Friday, January 24, 2014

William and Rosa Lee Schiff, the Holocaust Survivors at the First Holocaust event by Muslims

The first Holocaust and Genocides event by Non-Jews was organized by Muslims in Dallas, Texas. The timing was perfect, right after a delicate situation in a 9/11 commemoration there was a need to address the issue of Holocaust and Genocides, and the United Nations unanimously passed the bill to commemorate Holocaust in their 60th General Assembly meeting on November 1, 2005. They designated January 27 of each year as Holocaust Memorial day, the date coincides with the liberation of Auschwitz.

The first event was organized on Sunday, January 29th and was addressed by the Holocaust survivors, Ms. Rosa Lee Schiff and the late Mr. William Schiff. This year, we will start with the Holocaust conversation followed by the Genocides of Native Americans and the Gujarat Massacre. This is a serious event for us to reflect on the inhumanity within each one of us, and learn to do our individual share of saying never again. 

I have always believed, and I read the assessments of some of the best brains that if we can resolve the Jewish-Palestinian conflict, i.e.,  security to Jews and justice to the Palestinians, most of the world issues will collapse and a period of peace on earth will begin.

Holocaust Survivors Rosa Lee and William Schiff

Commemorating Holocaust and Genocides for seven years is a fulfillment of a life time drive to build bridges.

Of all the people on the earth, my mother would be pleased to know that I am doing what it takes to be a "good Muslim," to respect, honor and protect the sanctity of life.

A healthy society can be defined by how well it functions together, where no member of the society has to live in apprehension, discomfort or fear of the other.



Rabbi Haas, Mike Ghouse, Bernie Mayoff and William Schiff - seated Rosa Lee Schiff
Hate is one of the many sources of disrupting peaceful functioning of a society and it is our duty, both individually and collectively to track down the source of such hate and mitigate it. Indeed, each one of us needs to do our share of work. This hate takes many avatars including Anti-Semitism, racism, Misogyny, homophobia, Islamophobia, and other ailments of the society. Untreated, they will erupt in violent and hostile expressions like crusades, inquisitions, 9/11, terrorism by individuals and nations, Holocaust, Genocides and Massacres.

The Jewish Christian conflict stems from Jesus' crucifixion; the Christian Muslim conflict has origins in how each sees Jesus, and the Jewish Muslim conflict took root in the late 1940's.  Much of the conflict with Native Americans, Native societies, Hindus, Pagans and others stem from forced conversions by the arrogance of Christian and Muslim missionaries.

Religion came into existence to save the mankind; most people get that right and a few don't. No religion teaches hatred or encourages hostilities. On the contrary, religions are committed to building cohesive societies where no has to live in discomfort or fear of the other. The bottom line of all religions is based on the Golden rule, "Do unto others as you would wish to have done unto you."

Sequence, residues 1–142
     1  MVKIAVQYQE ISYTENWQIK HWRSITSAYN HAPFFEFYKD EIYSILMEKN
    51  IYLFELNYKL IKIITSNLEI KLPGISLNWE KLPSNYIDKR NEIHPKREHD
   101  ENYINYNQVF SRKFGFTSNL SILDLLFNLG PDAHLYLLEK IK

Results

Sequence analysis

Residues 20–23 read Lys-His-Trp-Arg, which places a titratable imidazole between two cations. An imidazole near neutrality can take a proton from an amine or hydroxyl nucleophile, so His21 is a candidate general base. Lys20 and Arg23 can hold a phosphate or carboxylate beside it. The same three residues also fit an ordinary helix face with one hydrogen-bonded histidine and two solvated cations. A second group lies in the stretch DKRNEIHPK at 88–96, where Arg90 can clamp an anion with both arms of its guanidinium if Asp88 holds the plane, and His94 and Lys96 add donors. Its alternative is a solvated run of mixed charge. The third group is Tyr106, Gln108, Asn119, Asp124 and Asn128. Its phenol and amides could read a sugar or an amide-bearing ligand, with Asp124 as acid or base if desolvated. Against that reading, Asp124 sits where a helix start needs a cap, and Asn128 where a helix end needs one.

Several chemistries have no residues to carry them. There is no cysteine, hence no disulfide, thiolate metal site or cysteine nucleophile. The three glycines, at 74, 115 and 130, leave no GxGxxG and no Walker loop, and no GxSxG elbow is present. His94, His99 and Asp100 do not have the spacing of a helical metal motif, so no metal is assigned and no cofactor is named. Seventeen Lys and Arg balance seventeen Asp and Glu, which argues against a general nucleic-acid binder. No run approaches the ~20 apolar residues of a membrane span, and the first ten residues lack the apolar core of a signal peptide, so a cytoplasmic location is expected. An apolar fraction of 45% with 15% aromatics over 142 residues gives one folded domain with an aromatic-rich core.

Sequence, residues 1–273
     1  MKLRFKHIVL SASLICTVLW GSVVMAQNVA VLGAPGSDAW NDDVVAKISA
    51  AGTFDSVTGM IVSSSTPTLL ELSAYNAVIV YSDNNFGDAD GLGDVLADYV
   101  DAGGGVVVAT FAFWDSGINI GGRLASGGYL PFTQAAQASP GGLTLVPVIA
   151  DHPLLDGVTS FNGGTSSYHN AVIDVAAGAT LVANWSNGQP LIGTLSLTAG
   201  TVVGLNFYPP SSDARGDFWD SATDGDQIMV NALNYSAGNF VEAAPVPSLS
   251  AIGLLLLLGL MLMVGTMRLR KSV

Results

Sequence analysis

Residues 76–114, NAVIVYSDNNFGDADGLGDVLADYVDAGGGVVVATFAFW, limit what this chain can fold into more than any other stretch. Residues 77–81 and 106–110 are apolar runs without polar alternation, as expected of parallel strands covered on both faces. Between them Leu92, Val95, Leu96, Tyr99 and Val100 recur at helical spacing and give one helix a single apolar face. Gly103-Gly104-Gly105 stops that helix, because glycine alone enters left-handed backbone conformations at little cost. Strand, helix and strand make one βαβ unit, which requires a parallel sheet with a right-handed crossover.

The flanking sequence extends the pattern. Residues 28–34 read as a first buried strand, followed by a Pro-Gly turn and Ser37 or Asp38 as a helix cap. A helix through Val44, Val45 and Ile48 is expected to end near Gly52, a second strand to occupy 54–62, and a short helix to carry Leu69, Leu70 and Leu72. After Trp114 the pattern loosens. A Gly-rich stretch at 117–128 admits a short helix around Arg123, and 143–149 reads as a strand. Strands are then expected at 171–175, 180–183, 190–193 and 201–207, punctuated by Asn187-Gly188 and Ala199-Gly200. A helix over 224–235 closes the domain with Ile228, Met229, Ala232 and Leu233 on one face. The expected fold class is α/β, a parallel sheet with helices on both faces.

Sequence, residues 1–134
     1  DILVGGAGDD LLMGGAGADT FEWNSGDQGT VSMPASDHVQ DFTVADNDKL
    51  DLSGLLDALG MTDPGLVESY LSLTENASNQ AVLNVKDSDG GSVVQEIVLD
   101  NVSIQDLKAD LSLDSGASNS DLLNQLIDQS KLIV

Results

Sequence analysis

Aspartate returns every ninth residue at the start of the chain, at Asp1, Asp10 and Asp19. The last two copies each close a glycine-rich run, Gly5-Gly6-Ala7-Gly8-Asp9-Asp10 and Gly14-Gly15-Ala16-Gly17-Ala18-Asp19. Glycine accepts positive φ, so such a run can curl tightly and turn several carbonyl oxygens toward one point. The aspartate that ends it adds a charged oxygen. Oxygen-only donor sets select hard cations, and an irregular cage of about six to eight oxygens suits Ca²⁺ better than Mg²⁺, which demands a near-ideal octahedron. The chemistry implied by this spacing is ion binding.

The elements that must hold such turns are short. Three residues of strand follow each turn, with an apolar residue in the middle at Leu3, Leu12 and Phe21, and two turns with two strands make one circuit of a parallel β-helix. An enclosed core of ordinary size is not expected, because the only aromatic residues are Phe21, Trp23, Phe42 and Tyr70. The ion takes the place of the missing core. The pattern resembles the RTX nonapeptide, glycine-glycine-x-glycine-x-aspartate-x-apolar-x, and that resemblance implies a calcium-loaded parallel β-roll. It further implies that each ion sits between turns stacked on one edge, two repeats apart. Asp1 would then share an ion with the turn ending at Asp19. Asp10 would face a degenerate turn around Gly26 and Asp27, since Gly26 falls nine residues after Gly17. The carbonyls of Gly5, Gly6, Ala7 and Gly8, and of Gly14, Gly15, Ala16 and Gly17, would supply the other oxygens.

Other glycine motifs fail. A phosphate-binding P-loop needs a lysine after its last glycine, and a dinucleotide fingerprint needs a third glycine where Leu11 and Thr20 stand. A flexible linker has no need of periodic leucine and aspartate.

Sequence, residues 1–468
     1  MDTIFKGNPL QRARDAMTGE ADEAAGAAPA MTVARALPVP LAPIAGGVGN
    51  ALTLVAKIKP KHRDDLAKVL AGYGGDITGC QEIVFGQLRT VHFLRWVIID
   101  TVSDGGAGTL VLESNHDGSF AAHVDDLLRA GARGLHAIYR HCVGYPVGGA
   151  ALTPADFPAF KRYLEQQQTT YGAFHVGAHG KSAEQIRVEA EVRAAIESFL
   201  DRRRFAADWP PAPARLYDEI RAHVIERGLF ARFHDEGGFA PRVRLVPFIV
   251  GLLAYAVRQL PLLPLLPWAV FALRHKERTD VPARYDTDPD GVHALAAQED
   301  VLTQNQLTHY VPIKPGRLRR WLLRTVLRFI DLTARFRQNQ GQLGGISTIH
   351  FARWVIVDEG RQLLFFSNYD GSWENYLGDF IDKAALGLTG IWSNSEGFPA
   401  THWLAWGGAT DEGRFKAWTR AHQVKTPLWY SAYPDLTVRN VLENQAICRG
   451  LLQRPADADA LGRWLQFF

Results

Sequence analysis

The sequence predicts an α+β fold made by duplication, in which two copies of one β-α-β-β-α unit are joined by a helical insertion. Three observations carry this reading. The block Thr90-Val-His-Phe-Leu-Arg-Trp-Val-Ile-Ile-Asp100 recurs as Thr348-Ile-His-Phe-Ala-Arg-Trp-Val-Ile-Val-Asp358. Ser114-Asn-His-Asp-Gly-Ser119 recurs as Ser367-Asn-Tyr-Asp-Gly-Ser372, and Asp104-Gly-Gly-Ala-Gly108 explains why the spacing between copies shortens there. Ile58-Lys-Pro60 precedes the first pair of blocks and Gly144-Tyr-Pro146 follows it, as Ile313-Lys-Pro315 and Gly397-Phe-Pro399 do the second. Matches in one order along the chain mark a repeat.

Mrs.Elan, Gil Elan (AJC) and Rabbi Haas

There is always a room for bringing a positive change, even if it were a small step. The Foundation for Pluralism, Memnoysne Institute and the World Muslim Congress have teamed up to find solutions, which begins with the acknowledgement of the problem and taking small healing steps.

We are pleased to invite you to join us for the 7th Annual Holocaust and Genocides event is set for Sunday, January 26, 2014 between 3 and 6 PM at the Unity of Dallas, 6525 Forest Lane, Dallas, TX 75230. Details are at www.HolocaustandGenocides.com

The purpose of this event is education, and we hope to learn and acknowledge our failings and make a personal commitment to do our individual share of saying "Never Again".

The spark of hatred will not disappear through law and order, it would be temporary off the screen, but will reappear at every little conflagration.  As civil societies, this has to be worked out for the long term good.

What we need is to have a heart to heart dialogue with each community with a goal to acknowledge the differences and figure out how to live with each other with least conflicts. After all we are inextricably connected to each other in our day to day life.

The goal ought to be respecting the otherness of others and accepting the God given uniqueness of each one of us, anything short of that will leave unattended-sparks ready to flare up at short notice with the whiff of oxygen.

There is a shameless cruelty in us, either we shy away or refuse to acknowledge the sufferings of others, worrying that it will devalue our own or somehow it amounts to infidelity to our own cause.  What a shame it is to believe that the victims deserved or asked for it.

We sincerely hope the attendees will walk out with the following understanding:

  • Other people's suffering is as legitimate as mine;
  •  It is easy to see ourselves as Victims, but we must also see the perpetrator in us;
  •  When we strip the politics out of a conflict, we see hope;
  • We can value others suffering without lessening our own;
  •  The overriding desire to highlight our own blinds us from other's suffering.
  •  A sense of responsibility for creating a better world is awakened
Indelible Image that has influenced this writer
Mike Ghouse is committed to building cohesive societies where no human has to live in fear of the other -www.MikeGhouse.net

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